For King and country: time for another debate?

‘Rabbit brained louts’ is what the Daily Express called ‘Young Oxford’; the Oxford Union debating society students who in February 1933 voted by a large majority of 122 that ‘this house will in no circumstances fight for its King and Country’.

 © Imperial War Museum, recruitment poster 1914, by artist Lawson Wood.

© Imperial War Museum, recruitment poster 1914, by artist Lawson Wood.

Sparked by a bogus letter to the Daily Express, the right-wing papers were spitting fire and fury within days. They declared the vote ‘an outrage on the memory of those who gave their lives in the Great War’. Retired colonels, ex-Oxford men and Conservative MPs all condemned the students in no uncertain terms as ‘aliens and perverts’, ‘woozy-minded communists’ and ‘sexual indeterminates’.

So was this mass pacifism? The students were rejecting what they knew of Lord Kitchener’s famous recruiting slogan in 1915 – ‘your country needs you!’  By the 1920s, the public was questioning what the war had actually achieved. At the time of the debate, the early 1930s, the public backlash against the arms trade – popularly considered to be a cause of the war – had been growing for a decade.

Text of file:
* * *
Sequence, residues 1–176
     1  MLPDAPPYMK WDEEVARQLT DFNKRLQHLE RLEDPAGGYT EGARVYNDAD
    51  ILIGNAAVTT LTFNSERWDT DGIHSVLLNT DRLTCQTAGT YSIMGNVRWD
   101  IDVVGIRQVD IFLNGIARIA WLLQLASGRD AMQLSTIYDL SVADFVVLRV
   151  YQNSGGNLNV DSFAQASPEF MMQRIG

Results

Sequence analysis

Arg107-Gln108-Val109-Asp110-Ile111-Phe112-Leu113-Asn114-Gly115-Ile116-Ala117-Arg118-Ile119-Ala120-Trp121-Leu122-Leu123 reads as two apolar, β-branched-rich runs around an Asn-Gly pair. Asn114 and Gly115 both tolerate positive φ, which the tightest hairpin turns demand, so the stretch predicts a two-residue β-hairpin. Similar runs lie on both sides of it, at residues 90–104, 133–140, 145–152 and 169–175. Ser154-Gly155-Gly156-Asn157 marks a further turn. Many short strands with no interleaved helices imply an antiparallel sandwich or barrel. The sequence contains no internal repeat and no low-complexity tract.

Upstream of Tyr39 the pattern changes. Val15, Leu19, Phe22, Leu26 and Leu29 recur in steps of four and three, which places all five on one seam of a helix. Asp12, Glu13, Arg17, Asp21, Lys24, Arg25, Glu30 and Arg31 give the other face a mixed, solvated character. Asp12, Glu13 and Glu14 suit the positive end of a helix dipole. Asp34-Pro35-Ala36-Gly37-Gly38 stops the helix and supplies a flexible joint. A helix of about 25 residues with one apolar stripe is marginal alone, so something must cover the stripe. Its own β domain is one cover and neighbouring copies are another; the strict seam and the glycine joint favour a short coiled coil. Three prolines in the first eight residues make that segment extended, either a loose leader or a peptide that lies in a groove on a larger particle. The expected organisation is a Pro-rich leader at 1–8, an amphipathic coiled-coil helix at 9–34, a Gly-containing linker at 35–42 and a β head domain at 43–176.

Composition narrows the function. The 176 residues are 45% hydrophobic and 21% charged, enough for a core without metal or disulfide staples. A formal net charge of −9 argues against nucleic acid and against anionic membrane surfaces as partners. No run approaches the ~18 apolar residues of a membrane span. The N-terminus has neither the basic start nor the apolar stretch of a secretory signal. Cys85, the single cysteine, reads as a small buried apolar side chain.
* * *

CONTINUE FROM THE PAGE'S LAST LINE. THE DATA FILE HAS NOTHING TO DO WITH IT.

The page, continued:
Revulsion against the arms trade combined with a growing horror of the next war. Stories were circulating in the press about the likelihood of chemical warfare should another conflict erupt, with letters appearing even in conventional provincial newspapers like the Oxford Mail. The student generation was haunted by the memory of mustard gas. A stink bomb set off in the Oxford debate and the cries of ‘poison gas!’ was all very funny, but the terror that lay behind it was deadly serious. These students knew what their fathers had suffered from the new technology of warfare: tanks, massive artillery shells, flame throwers, gas. They would have seen what these weapons had done to human bodies and minds first-hand.

And they would have been aware of attempts to disarm and stop the next war, by the League of Nations and numerous local organisations. Banning the arms trade was supported by a majority of British public opinion, as shown by the Peace Ballot a year after the Oxford Union debate. In this enormous poll organised by the League of Nations Union, 90 percent of almost 40 percent of the population voted to prohibit private armaments production by international agreement.

The King and Country debate is a remarkable symbol of anti-war feeling in the early 1930s. At that time most people had direct and recent personal experience of the enormous human cost of the war. Many considered the arms trade to have fuelled the conflict, and profited from the war.  Will it take another war for us to care enough to press for disarmament as the public did in the 1930s?

CAAT would not exist without its supporters. Each new supporter helps us strengthen our call for an end to the international arms trade.

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